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Tips on how to watch the Tokyo Olympics during a global pandemic

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Haji Mohamed Dawjee is a South African columnist, disruptor of the peace and the author of Sorry, Not Sorry: Experiences of a Brown Woman in a White South Africa. Follow her on Twitter and Instagram: @sage_of_absurd

Are there too many people? Are they too close together? Does someone constantly sanitise those weights? Do not drown yourself in analysis. Just pick a channel, pick a sport and take comfort in knowing that this many people would surely not be doing this thing if anything could go wrong. Right?

First published in the Daily Maverick 168 weekly newspaper.

The Games have begun.

Sure, these aren’t normal circumstances. Athletes are said to be sleeping on cardboard beds – look, I’m no pro, but I don’t know how good that is for an Olympian’s back.

Of course, there are other things that are a bit … strange, like how the Olympic torch relay was over – more than a year before the Olympics could take place.

And due to the postponement, I am assuming someone quickly blitzed the torch alight before four-time Grand Slam winner Naomi Osaka hopped up the installation-art Mount Fuji to declare the Games open and light the fire.

Yes, the opening ceremony itself was morbid, awkward and a bit of a shock to our systems. There was an interpretive movement thing that happened where dancers tried to untangle themselves from a giant web of red yarn – symbolising dread and disease.

The stadium was eerily empty and seats had been covered with different colours to give them that pixelated “full stadium” look. No one does functional design like the Japanese and the opening ceremony served as further proof that these Olympics and this year’s opening ceremony were designed to function in a very dysfunctional world. They did not save us from hard truths. I still think about the mummified zombie dancer, grey with illness. But here we are.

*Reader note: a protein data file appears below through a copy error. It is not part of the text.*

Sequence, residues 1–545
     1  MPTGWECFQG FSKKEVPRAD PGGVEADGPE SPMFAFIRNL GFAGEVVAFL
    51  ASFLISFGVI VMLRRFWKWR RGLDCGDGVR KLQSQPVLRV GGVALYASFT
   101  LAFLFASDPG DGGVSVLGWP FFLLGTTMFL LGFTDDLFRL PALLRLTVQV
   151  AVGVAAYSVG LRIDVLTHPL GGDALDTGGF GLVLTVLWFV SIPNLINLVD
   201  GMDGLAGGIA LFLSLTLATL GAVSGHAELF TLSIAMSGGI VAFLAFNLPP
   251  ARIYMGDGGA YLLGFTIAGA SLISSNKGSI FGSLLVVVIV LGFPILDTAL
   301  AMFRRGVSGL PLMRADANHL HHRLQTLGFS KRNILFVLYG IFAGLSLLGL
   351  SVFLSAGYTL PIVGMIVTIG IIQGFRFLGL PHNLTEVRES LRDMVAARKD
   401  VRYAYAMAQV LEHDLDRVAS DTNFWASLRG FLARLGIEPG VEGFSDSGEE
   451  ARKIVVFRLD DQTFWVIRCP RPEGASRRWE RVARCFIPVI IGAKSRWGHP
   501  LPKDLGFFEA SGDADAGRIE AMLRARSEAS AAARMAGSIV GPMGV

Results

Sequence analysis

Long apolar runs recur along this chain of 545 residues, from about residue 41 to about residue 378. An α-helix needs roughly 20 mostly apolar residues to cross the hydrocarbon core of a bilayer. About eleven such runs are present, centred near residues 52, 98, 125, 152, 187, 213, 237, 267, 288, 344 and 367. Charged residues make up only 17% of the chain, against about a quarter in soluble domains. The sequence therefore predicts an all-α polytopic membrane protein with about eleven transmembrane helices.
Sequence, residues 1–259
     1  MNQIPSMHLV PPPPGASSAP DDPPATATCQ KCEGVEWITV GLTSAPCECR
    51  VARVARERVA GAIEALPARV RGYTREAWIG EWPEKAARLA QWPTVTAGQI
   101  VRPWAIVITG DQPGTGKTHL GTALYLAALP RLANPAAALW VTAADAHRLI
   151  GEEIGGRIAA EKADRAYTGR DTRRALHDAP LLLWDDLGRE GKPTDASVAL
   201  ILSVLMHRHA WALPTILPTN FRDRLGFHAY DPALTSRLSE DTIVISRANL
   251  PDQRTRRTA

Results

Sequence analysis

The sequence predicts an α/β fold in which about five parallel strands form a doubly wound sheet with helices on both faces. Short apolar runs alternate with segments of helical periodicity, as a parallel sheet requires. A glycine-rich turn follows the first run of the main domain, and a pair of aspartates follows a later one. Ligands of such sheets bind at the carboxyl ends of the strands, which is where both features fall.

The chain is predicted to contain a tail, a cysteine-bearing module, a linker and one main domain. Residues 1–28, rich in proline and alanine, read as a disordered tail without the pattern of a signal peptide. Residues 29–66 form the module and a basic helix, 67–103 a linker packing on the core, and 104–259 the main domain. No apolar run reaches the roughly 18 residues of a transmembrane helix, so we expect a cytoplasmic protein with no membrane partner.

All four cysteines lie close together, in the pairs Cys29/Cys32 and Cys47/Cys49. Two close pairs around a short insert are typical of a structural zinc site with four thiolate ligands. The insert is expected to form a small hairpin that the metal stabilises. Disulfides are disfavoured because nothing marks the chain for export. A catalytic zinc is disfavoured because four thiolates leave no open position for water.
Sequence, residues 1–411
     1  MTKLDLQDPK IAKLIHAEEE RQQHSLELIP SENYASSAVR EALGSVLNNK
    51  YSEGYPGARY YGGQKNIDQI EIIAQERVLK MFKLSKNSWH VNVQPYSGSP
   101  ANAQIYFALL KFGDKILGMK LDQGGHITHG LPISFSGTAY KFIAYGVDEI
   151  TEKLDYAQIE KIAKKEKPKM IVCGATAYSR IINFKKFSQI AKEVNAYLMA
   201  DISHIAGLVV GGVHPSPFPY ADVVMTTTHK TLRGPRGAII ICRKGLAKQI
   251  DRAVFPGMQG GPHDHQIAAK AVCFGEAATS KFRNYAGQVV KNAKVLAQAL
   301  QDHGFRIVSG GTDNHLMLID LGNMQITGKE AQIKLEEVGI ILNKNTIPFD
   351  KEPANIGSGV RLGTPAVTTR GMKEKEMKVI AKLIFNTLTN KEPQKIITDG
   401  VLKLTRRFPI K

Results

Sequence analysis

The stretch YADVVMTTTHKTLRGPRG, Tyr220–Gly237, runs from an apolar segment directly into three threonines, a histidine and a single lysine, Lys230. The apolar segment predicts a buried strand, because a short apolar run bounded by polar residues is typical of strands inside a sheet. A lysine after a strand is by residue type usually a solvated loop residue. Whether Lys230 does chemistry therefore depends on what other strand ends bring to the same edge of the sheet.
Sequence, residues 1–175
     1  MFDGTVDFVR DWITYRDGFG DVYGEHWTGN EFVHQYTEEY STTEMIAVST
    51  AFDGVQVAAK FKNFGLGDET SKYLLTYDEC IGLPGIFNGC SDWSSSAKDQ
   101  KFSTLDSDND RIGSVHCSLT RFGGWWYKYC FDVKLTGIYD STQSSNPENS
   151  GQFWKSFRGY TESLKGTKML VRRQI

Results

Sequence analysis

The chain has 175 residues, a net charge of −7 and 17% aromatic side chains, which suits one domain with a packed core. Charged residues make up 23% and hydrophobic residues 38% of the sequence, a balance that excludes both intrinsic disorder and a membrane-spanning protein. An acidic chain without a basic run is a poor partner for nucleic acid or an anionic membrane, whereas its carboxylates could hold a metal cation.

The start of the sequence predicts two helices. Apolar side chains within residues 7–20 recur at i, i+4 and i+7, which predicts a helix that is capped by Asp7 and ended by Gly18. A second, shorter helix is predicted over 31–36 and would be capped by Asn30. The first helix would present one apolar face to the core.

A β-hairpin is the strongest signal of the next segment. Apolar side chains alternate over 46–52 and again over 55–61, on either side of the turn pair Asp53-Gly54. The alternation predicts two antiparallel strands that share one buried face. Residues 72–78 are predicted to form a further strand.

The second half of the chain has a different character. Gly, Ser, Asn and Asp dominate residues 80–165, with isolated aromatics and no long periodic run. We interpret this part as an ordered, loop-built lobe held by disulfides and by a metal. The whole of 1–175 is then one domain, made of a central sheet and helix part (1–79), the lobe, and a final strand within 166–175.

We will all, at one point or another, find ourselves engaged in something Olympics-related. And if you are filled with a sinking feeling at the thought of everyone dealing with the Games as business-as-usual, don’t worry. Follow these top three tips to thrive and survive this year’s Olympics during a global pandemic:

Are there too many people? Are they too close together? Does someone constantly sanitise those weights? Do not drown yourself in analysis. Just pick a channel, pick a sport and take comfort in knowing that this many people would surely not be doing this thing if anything could go wrong. Right? And then of course, do not answer that question. Do not ask yourself: what could go wrong? Once you have avoided that question, you are ready to get involved in the Olympics.

There are a few ways to get properly involved in the Olympics. Sure, you could be one of the many millions who just sort of have it on all the time and who suddenly watch themselves watching the big bore that is sailing. They have no interest in sailing whatsoever, but they don’t care, it’s the Olympics. Nothing wrong, you could be this person and while away your days. But, you want to stand out and prove just how deeply grateful you are for this reprieve from normal life. So consider this: make an unapologetically large display of how much of an Olympics lover you are. If you choose sailing then goddammit, choose sailing. Learn the name of the best sailor, drop it in every conversation, change your social media banners to boats or whatever Olympians sail in.

All those crew members make you too anxious to keep the sailing on in the background, even though they’re outside and you hoped the “fresh air” aspect would help you quell your Covid-19 paranoia? No problem. Swan over to the next sport. Skateboarding seems like a good one to watch for the sake of your sanity. Yes, there’s skateboarding this year. One person. Their own helmet. Their own board. No one else anywhere near it. Or how about individual diving? Again, very similar: one person, one board, no one else nearby. However, if you pick the latter, do not, I beg, think about the water. No, they do not empty and refill the pool after every individual participant.

Bonus tip: engage with the Olympics the same way those divers engage with the water. With beauty, grace, humility and as though no one is watching and they have not a care in the world.

This is a great way to stay aware of Covid-19, but also to disengage from the state of the world and just enjoy that, among all the noise and haste, the human body is still splendid and magnificent in its abilities. DM168

This story first appeared in our weekly Daily Maverick 168 newspaper which is available for R25 at Pick n Pay, Exclusive Books and airport bookstores. For your nearest stockist, please click here.

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